This article has been transcribed from a copy of the Cardiff Times in the online collection of scanned Welsh newspapers 1804-1919 in the National Library of Wales, with grateful recognition of the free access accorded to all readers. Where necessary paragraph breaks have been introduced for easier reading.

Samuel admits that when young, he was guilty of the trouble and annoyance he now castigates in boys. His explains many of their street games and practical jokes, except for ‘tip-cat’, which is played with two pieces of wood, one to be struck at and sharpened at either end, and the other a stick with which to strike it. See also ‘Samuel’s Sentiments’ for 21 May 1887. In his article of 12 May 1888, he explains that a ‘masher’ is ‘the sort of young man who fancies that he can overcome and overawe everybody by the potency of his attractions’. — David Skilton

As a result of contemplating from the window the destructive efforts of a juvenile tip-cat fiend, I have, my dear sir, been led to revive certain memories of my own by no means sweet youth. I have come to this conclusion, sir, that whatever I may be as a man, I must certainly have been a most disagreeable boy – a boy who displayed a fatal and almost demoniacal ingenuity in the invention of means and machines whereby and wherewith to torture innocent persons, more especially if they were very youthful or exceedingly elderly ones, and therefore incapable of resenting, vi et armis, by [my?] baleful efforts. As I look back to the period I name, I can only see, stretching out in gruesome disorder, a long series of punishable offences — offences which, though petty and trifling when taken as single events, present indeed a portentous and damning front when aggregated together and set forth in battalions. I have arrived at the conclusion, sir, that at one period of my life ‘I couldn't be good if I tried,[’] as a certain classical composition says. Innocence and ingenuousness, instead of exciting my admiration, rather stimulated me to acts of violence and oppression; helplessness, that should have excited my commiseration and procured my assistance, only served to spur me on to deeds of cruel import – I was a bad lot. Not even worthy tradespeople, peaceably plying their several and respective avocations, escaped my unwelcome attentions.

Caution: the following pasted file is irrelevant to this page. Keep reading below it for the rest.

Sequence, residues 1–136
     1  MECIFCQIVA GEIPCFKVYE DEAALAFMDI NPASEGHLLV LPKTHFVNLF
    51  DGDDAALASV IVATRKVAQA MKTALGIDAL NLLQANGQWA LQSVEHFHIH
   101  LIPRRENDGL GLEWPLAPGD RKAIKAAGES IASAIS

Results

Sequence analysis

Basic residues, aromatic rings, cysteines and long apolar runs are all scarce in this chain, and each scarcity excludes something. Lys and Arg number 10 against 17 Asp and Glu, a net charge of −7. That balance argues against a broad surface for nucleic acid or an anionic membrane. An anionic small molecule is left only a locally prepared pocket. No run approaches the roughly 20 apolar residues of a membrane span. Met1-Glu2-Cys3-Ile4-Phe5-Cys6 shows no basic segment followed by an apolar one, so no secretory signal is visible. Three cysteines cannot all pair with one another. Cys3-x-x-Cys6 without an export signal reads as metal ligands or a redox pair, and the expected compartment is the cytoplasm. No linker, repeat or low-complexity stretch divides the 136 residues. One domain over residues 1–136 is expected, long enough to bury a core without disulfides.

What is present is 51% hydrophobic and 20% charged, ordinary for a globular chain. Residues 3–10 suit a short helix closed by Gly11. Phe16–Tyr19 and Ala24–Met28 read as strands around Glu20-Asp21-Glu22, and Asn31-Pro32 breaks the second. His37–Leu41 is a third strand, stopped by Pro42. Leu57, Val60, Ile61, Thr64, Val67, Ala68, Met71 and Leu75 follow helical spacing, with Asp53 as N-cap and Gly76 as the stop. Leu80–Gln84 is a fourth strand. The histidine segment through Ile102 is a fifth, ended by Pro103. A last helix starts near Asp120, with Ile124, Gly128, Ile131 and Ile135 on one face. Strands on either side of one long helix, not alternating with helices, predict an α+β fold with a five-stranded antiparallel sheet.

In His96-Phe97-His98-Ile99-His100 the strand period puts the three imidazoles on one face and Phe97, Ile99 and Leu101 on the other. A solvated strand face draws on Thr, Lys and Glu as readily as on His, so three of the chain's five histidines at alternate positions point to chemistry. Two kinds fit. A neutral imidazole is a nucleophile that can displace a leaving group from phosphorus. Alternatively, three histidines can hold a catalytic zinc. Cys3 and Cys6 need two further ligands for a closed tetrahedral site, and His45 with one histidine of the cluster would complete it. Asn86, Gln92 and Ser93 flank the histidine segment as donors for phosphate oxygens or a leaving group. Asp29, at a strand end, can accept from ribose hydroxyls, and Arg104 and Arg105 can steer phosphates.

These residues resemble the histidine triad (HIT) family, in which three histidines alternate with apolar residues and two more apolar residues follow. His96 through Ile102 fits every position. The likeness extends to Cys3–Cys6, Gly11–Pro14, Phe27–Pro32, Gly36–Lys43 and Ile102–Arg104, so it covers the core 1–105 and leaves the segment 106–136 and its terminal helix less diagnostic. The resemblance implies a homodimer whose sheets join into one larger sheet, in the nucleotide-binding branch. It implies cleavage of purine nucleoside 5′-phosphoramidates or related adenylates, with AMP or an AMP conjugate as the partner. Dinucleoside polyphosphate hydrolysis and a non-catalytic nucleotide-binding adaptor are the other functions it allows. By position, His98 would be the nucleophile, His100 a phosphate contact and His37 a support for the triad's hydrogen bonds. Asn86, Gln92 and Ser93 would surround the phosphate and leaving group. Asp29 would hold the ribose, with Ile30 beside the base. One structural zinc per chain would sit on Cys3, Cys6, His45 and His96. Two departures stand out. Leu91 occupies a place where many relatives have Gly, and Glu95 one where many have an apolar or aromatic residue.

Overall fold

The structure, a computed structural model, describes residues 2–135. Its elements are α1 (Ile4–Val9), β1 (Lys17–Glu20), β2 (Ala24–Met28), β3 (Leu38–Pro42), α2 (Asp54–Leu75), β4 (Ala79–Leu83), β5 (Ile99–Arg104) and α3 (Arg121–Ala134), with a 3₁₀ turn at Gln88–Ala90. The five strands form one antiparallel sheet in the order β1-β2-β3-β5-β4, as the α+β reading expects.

For instance, how did I use to act in the case of purveyors of gray peas — a most harmless and appetising dainty? What was there wrong in a man selling ‘gray peas, all 'ot,’ as he would pertinently remark? Nothing, as I now think. But what did I do then? Why, I plucked fresh sods, and I hid them under my youthful jacket, and I went to the pea merchant, standing at the entrance of his own restaurant — in the fair ground, and I asked him for a ‘hawporth,’ and when he opened the lid of his copper, wherein the peas were merrily boiling about and playing at leap-frog with each other, I dropped one of those sods into the copper, and then I mingled with the crowd, along with other evil boys. I had no personal enmity so far as the pea merchant was concerned, though it must be honestly confessed that, as a result of eating his wares to excess, I had suffered from that common juvenile complaint broadly summed up as ‘stomach-ache,’ and had been compelled, as a consequence, to take frequent doses of castor oil, Gregory's powder (which was usually known to myself and fellows as ‘jiggery powder’), and other, nauseating remedies, which not even a spoonful of jam promptly taken could render palatable.